- Oil prices soared after OPEC+ announced it was slashing output by 1.16 million barrels per day.
- The voluntary cuts will begin in May and run until the end of 2023, Saudi Arabia announced, saying it was a "precautionary measure" targeted toward stabilizing the oil market.
Oil prices notched their biggest gain in nearly a year after OPEC+ announced it was slashing output by 1.16 million barrels per day.
Brent crude futures settled higher by 6.31%, at $84.93 a barrel. The commodity had its best daily performance since March 21, 2022, when it gained 7.12%. West Texas Intermediate crude settled higher by 6.28%, at $80.42 a barrel. It was the biggest daily gain for WTI since April 12, 2022, when it rose 6.69%.
The voluntary cuts will begin in May and run until the end of 2023, Saudi Arabia announced, saying it was a "precautionary measure" targeted toward stabilizing the oil market.
The move comes on the back of Russia's decision to trim oil production by 500,000 barrels per day until the end of 2023, according to the country's Deputy Prime Minister Alexander Novak.
In addition to Saudi Arabia's output cut of 500,000 barrels per day, other member states have also pledged cuts: the UAE will be cutting output by 144,000 barrels per day, while Kuwait, Oman, Iraq, Algeria and Kazakhstan will also be reducing output.
"The selected involvement of the largest OPEC+ members suggest that adherence to production cuts may be stronger than has been the case in the past," Commonwealth Bank of Australia's Vivek Dhar said in a note.
"OPEC+'s plan for a further production cut may push oil prices toward the $100 mark again, considering China's reopening and Russia's output cuts as a retaliation move against western sanctions," CMC Markets' analyst Tina Teng told CNBC.
Teng noted, however, that the cut could also reverse the decline in inflation, which would "complicate central banks' rate decisions."
In March, oil prices tumbled to their lowest since December 2021, as traders feared the banking rout could dent global economic growth.
The oil cartel and its allies are looking to avoid a repeat of the 2008 crash, one analyst said.
"They're looking into the second half of this year and deciding they don't want to relive 2008," said Bob McNally, president of Rapidan Energy Group, citing oil prices crashing from $140 to $35 in six months in that year.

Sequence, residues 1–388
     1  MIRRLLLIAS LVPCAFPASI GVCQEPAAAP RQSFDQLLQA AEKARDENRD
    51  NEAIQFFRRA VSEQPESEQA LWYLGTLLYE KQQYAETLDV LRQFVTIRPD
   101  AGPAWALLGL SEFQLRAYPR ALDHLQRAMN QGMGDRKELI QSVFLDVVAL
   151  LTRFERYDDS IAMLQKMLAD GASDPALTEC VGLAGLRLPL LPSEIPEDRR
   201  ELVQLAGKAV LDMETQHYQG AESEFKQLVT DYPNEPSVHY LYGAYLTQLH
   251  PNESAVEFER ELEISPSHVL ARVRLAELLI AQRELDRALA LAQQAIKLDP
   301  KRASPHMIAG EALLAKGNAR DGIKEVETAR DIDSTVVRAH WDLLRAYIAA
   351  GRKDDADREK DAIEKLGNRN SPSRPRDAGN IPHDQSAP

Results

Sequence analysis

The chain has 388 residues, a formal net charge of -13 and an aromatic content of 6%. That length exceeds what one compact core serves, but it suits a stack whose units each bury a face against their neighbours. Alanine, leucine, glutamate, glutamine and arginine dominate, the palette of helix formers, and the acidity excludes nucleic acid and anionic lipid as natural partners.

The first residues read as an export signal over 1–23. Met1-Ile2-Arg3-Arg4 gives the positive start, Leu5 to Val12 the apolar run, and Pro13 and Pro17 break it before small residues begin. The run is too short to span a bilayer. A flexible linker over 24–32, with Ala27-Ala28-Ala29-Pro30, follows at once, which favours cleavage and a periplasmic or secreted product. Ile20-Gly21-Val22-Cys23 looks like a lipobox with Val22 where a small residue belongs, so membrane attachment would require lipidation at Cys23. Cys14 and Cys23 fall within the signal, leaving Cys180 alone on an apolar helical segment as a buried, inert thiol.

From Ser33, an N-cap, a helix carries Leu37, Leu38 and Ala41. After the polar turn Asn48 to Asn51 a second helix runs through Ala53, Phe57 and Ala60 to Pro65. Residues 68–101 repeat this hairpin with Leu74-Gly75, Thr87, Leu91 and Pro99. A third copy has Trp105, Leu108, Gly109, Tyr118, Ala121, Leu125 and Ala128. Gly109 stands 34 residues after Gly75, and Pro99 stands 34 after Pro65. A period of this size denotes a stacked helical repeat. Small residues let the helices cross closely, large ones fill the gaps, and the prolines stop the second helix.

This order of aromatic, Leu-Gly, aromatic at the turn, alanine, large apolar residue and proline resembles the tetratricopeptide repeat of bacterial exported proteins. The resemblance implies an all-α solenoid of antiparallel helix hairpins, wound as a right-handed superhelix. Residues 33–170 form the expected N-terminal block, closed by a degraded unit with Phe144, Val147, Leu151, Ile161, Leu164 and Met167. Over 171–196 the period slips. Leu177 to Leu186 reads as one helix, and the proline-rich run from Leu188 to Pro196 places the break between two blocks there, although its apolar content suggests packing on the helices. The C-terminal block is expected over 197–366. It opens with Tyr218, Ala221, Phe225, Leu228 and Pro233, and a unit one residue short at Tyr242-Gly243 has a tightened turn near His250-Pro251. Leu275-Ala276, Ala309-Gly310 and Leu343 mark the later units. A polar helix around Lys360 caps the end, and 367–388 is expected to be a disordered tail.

McNally added that while it's not his base case, oil prices could "make a dash for $100 … if Chinese demand goes back to 16 million barrels a day second half of this year [and] if Russian supply starts to go off because of sanctions and so forth,"
"Then these cuts, if they stick with them, are going to super tighten the market," he said.
According to Wood Mackenzie, China could make up 40% of the world's demand recovery in 2023.
In October, the oil cartel announced its decision to cut output by two million barrels per day.
The White House said at that time that President Joe Biden was "disappointed by the shortsighted decision by OPEC+" to cut production quotas while the world was still grappling with the war in Ukraine.
However, some analysts say the latest cut is set to deliver a more significant impact than the one set last year.
"Most of the cuts will be made by countries that are producing at or above quotas, which implies a higher share of the announced cuts will translate into real supply reductions than in October 2022," said Energy Aspects' founder Amrita Sen, who also expects prices to hit $100 per barrel.
However, Sen holds the view that the output cut could potentially be reversed, hinging on easing global market pressures.
"I do believe if the market over tightens, exogenous issues or shocks fade, they will reverse this cut down the line so this isn't set in stone for the rest of the year — but very clearly defending a [price] floor," she said.
"Unlike [the cut in October], the momentum for global oil demand is up, not down with a strong China recovery," Goldman Sachs also said in a note.
That could nudge up Goldman's Brent forecasts by $5 per barrel to $95 per barrel for December 2023, the investment bank said in a note after the surprise decision overnight.
Goldman analysts led by Daan Struyven said the surprise cut is "consistent" with OPEC+'s doctrine to act preemptively.
"OPEC's pricing power is higher than it has ever been," Jeffrey Currie, Goldman Sachs' global head of commodities research, said in an interview with CNBC's "Squawk Box" Monday. "They are going to continue to exercise that power."